Samuel Osaze’s Aroma of a Burning Bush seeks to explore national, social and popular issues in his debut collection of poetry. The book opens like an epilogue with a commentary by Reginald Chiedu Ofodile. This commentary impresses upon the reader Ofodile’s postulations on the book. In my opinion, the book leaps into several prisms of meaning that do not necessarily conform to the intellectual remarks of Ofodile. This is what makes Osaze’s Aroma of a Burning Bush a splendid collection.
The poet’s style is in free verse which serves the content and the imagery of the collection. There is no form to fire and there are different forms of fire. It is within the tensions of fire and aroma that the poet considers the environmental and socio-political as well as the emotional, sensual and philosophic verses in no strategic order. Nigeria becomes the land torched by forest fire without a face to claim responsibility. The political class convolutes into a reductionist slave driving class that deprives their ‘animals’ of food until they can no longer bear the pain, yet protest is caged.
You muzzled the mouth of the horse
That does gently tread the corn?
Afterwards you cast out seeds
Like a charmer after a hen (10)
For the poet, the Nigerian citizen is trudging the desert without a ‘Moses’ and without a ‘promised land’. The people rely on flashes of hope that are packaged as lies on their necks of fantasy, while the wealthy drink from the source of thirst. Here, the imagery of selfishness is apt. The poet assumes the voice of the silenced and the mummers, he hopes that words which constitute the nationhood can be used to reconstruct its ruling class. Poems like To the Slave Driver (10), Gnashing of a Nation’s Teeth (20) amongst others are political poems that cut a trope for second and third generation poets because of despotic governments in the country. Nevertheless, new democratic circumstances have led many into a more profound dismay. This is the reality that the poet reinvents with the apt metaphor of contrasts in the history of Nigeria. The fact remains that the people are disillusioned as leaders have not kept their campaign promises instead they have enriched themselves with mansions overlooking shanties in places like Kaiama, in the poem, Kaiama 2010 (27).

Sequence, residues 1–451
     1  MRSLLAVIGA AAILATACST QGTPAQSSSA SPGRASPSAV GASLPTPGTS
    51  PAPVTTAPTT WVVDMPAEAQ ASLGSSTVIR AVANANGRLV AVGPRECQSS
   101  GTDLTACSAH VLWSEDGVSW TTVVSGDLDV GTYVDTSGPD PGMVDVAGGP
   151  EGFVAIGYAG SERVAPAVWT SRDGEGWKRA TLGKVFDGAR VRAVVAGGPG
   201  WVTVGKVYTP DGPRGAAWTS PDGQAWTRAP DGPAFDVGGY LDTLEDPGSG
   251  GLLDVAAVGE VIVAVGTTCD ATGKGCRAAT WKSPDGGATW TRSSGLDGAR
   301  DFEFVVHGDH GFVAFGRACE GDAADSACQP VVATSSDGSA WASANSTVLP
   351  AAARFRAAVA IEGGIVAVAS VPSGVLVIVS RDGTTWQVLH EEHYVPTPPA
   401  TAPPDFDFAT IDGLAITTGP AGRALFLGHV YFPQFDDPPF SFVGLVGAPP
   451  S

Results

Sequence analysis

I am particularly impressed by the poetry of performance in this collection. These poems such as After the Dance (21), Upon Seeing an Esan Maiden Dance (30), The Last Dancer Takes Over Arena (31), The Prophets of Fire (33), Bird of Sorrow (36), and Sanitary Priests’ Chant at Okede (48).
After the Dance hints at the motivations for celebration by the political class who steal from the land leaving the people bereft of wealth and purpose. The motivation for the dancer is money yet underdevelopment stares everyone in the face. Osaze eases the tension of the reader with the dexterous use of performatives.
The ‘Prophets of Fire’ speaks of the clash of the times, between tradition and modernity, between ritual and reverence, between the chants and the hymnals. ‘Bird of Sorrow’ is profound as it recalls the expectation of the people of the country during independence and describes the country as a man with stroke, helpless and slow. Nigeria is the ‘Okporunwanvie bird’, it is a sluggish bird that brings bad omen to the doorsteps of people, and it is a bird that has no sense of responsibility to the harmony of life. Sanitary Priests’ Chant at Okede (48) is a poem of procession that recognises the sacrifice of plants and animals in the cultural production of mankind. Most times, these cultural nuances are formed and established to the detriment of plants on the pathways and animals in their homes. The poem is also a prolific re-invention of great poets like Okigbo.